When we got back to the group, the task we did the best on was to pick an aisle and walk around and around and around the same aisle, clicking and treating as we went. The idea was that each time we were walking the same area, so it would be less and less distracting and the dogs should be able to go further between clicks. The goal was to see how infrequent we could get the c/t, the ultimate goal to get around with just one c/t. Our first aisle had guys working on shelving at the other end, so I moved over an aisle. Despite her mental condition, Gimme was able to go all the way around on one c/t.
Wednesday we met Susan and Tucker for nosework practice. I set tins low on the uprights of the fencing around a tennis court. Diagram shows black dots for fencing uprights, purple for odor and orange for prime pee places. When I devised this plan, my idea was to give the dogs multiple low and easy hides. First we went in one direction and then took a brief break (walking the dogs out far enough and offering them the opportunity to potty). We first searched coming in from the right and even though we couldn't detect the breeze, both dogs would over-shoot odor by a foot and come back to it. I hadn't planned for the pee distraction, but realized as we were doing it that the distraction was there. Its feasible to run into it in a trial, so certainly worth training through.
After the potty break Gimme tried to pull a fast one, running to the nearest post and indicating before sniffing. It was kind of funny as she then brought her nose down and realized there was nothing there. After that she checked very carefully. Tucker had the opportunity to work through his greatest distraction BALLS!!! There were kids playing ball in a field really close and he was strongly attracted to them, got very aroused and had to let it go to work.
Our second search set was also a bunch of low hides in an area of landscaping. I set the first two hides on two posts with a chain between them (to keep people from driving on the park grass), then four in the landscaping. As I was setting the other hides, I saw someone walk their dog along and it peed on the post right where I'd placed the odor. I was glad that I had placed that one about 12" off the ground, so the tin didn't actually get peed on. I'm sure those two posts and the one tree were prime pee spots for dog walkers. So both dogs got to work through that distraction yet again.
So while the hides were easy, the distractions were hard. Happily neither Gimme or Tucker even tried to mark over any of the pee-mail they found.
Today we had Public Dog class at Ursula's new training building and got a tour of the new facilities. It is very nice. The kennels consist of a separate room for each dog. Ursula reports that most dogs are much happier and calmer in these. The floors are heated concrete. There are still the traditional chain link kennels for those dogs that object to the isolation. There are now two large play yards and they have plans to add four smaller play yards. There is circulating air exchange for each room. They have electronic combination locks at each door for security for the boarders. It will be interesting to see which Gimme prefers. I think the rooms would be less stressful; on the other hand, she may not like the social isolation.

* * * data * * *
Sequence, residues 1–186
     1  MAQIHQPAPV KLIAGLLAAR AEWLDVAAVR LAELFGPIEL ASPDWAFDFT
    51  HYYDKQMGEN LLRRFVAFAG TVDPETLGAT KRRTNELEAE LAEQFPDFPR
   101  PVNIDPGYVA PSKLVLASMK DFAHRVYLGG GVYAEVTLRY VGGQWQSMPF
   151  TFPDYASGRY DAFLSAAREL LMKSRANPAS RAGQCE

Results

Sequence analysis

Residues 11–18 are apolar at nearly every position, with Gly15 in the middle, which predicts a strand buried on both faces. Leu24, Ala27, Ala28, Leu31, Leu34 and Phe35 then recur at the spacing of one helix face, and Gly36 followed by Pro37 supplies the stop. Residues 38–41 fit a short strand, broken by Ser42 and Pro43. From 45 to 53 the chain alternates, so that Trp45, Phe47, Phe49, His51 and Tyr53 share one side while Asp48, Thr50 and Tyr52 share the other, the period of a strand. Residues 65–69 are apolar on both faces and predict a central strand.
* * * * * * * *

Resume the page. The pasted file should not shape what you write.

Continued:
The training room is upstairs and about twice as big as the building we've been using. Today we did exercises to wean the dogs (and ourselves) off treats on our person. Gimme was a little distracted by the totally new environment, but got into working nicely. We did three sequences.
- With treats placed on chairs at each end of the room, we each practiced LLW in a zig zag path around a series of small room dividers. Ursula reminded us of the human tendency to wait until we are close to the food to mark and then reward. It is as much our reliance on food as it is the dog's that we have to wean away from. I was third, so picked a bit of good LLW to "yes" and then raced to the food stations. Gimme thought that was fun.
- Using the dividers to form two "gates" we practiced having the dog go through and then reorient to us, marking it and then returning to the nearest chair. Again, we each showed our reliance on food by tending to non-verbally require another behavior when we got to the food, before giving the dog the treat they'd earned at the gates. Gimme totally knows this behavior at home, as she basically pivots through the gate to end facing me for her treat. I realized that one reason she doesn't transfer the behavior to class and other locations may be that I don't use the "g'won" cue at home - so she sees them as separate things.
- The last exercise was to place two treats on each chair and leave our treat bag in our chair. Then we'd walk to the center of the room, cue a behavior the dog knows well, verbally mark it and walk to a chair to give one treat. Then repeat three times. I cued "down", "touch", "sit-wait" and walk around, and "grape". Gimme did really well with this and was the only dog who clearly understood that a verbal marker still counts even when the food is 25 feet away. You could tell whether the dog understood by observing their body language when they heard the marker. Of course, we've done a similar exercise a long time ago. Interesting though, when she realized that was the game we were playing, she voluntarily slipped into heel position on the way to the chair.